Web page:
MidEast wearables market forecast to see strong growth in 2017

IDC says uptake of wearables has been relatively slow in region so there is still plenty of room for adoption
MidEast wearables market forecast to see strong growth in 2017
By Staff writer
Wed 21 Dec 2016 01:57 PM

The Middle East wearables market continued to see steady growth in the third quarter of 2016, according to the International Data Corporation (IDC).

The ICT research and consulting services firm said the Middle East and Africa market grew 38.3 percent year on year in Q3 to total approximately 487,000 units.

It said the growth is being driven by low-cost basic wearables, which grew 55.9 percent year on year, while shipments of smart wearables - devices that support third-party applications - increased 4.1 percent over the same period.

"Buyers for smart wearables are limited as the main application for these devices is fitness, which is an area that basic wearables also cater for at a much lower cost," said Nakul Dogra, a senior research analyst for personal computing, systems, and infrastructure solutions at IDC MEA.

"Basic wearables continue to experience higher uptake as their already-low prices are declining further still in a bid to drive differentiation, since there is little to separate the offerings in terms of functionality."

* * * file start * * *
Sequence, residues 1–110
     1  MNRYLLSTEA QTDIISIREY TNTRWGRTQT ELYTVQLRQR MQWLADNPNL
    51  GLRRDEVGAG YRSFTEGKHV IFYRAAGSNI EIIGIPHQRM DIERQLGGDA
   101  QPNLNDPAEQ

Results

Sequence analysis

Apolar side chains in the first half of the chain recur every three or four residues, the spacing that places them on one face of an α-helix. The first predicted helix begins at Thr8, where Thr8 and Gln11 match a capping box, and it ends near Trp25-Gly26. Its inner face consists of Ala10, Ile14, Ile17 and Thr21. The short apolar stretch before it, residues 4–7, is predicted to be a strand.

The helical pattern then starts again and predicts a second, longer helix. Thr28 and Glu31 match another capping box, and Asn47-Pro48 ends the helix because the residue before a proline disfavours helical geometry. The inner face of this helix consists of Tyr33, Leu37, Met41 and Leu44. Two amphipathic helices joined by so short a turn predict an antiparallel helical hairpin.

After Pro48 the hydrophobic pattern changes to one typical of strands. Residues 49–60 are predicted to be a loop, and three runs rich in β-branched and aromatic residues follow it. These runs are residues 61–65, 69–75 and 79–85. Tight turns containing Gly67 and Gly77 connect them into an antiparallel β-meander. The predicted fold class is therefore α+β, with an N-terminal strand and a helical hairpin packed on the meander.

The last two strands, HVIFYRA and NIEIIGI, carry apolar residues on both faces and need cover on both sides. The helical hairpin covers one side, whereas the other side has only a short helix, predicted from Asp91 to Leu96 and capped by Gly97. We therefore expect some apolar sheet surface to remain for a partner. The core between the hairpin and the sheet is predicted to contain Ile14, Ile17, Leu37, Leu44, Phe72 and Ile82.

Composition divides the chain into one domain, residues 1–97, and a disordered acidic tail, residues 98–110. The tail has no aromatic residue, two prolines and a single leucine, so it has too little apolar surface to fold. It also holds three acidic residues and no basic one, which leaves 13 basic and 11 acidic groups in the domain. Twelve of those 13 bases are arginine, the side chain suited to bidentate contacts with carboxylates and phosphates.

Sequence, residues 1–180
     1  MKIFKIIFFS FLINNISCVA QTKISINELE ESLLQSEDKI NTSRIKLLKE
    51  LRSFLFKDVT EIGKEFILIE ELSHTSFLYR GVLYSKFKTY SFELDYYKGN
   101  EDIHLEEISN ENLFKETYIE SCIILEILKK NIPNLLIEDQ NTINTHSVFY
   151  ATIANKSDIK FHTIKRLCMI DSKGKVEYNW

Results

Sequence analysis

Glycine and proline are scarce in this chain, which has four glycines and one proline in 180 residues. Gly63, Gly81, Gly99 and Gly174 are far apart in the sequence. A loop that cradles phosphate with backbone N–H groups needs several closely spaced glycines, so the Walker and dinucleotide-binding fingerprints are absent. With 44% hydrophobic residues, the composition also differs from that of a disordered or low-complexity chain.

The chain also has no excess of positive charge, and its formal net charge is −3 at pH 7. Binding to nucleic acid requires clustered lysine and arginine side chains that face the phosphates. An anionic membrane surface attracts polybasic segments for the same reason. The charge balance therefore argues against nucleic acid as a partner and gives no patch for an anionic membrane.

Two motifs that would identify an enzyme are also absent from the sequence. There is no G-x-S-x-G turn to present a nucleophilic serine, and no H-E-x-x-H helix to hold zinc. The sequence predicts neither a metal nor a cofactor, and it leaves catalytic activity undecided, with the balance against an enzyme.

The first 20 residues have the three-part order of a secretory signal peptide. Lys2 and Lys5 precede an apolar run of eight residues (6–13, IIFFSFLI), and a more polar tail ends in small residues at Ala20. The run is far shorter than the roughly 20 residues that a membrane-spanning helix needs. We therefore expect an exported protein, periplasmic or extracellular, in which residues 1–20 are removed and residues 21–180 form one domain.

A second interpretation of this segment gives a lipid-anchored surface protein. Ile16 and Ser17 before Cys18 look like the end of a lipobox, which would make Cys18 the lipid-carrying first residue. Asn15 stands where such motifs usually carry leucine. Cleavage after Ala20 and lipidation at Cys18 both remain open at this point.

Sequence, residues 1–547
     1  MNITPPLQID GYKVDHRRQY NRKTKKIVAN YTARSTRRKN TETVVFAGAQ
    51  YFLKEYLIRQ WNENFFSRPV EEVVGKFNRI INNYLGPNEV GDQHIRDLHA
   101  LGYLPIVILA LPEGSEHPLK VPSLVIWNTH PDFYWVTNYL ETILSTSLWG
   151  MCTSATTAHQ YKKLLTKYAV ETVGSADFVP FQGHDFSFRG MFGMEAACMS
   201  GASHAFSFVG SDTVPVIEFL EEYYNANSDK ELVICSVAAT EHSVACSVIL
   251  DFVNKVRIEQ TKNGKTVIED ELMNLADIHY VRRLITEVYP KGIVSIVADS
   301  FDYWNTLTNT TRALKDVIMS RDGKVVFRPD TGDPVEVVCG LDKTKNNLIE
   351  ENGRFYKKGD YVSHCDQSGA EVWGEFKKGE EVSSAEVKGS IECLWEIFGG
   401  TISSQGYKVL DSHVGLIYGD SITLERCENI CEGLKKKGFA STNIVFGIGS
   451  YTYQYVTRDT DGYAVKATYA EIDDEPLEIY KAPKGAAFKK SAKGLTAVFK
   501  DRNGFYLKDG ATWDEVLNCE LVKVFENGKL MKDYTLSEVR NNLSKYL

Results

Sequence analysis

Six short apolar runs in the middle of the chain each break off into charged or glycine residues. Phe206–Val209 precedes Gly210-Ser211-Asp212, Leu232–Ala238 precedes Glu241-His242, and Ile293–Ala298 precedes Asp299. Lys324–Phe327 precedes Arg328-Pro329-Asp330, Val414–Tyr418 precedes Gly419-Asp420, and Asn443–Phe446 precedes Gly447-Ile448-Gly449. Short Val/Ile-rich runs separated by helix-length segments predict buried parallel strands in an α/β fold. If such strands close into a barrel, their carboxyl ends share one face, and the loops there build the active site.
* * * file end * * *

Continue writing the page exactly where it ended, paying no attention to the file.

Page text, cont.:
IDC said it expects the MEA wearables market to total 1.96 million units for 2016 as a whole, which represents an increase of 38.4 percent on 2015.

Looking ahead, the market is tipped to grow a further 22.6 percent in 2017 to reach 2.4 million units for the year.

IDC said the uptake of wearables has been relatively slow in MEA when compared to other regions, so there is still plenty of room for adoption and continued steady growth over the coming years. New product launches in the earwear and clothing categories will also fuel further growth.

Dogra said: "The focus of vendors should be on developing new applications and finding new ways to make use of the existing data captured by wearables so as to enable day-to-day tasks to be performed much easier. There should also be efforts to create an ecosystem of gadgets so that these devices can interact with each other and freely exchange information."

There are already signs of some consolidation taking place in the industry, both in terms of vendors and operating systems with Fitbit's buyout of Pebble representing a clear step in this direction.

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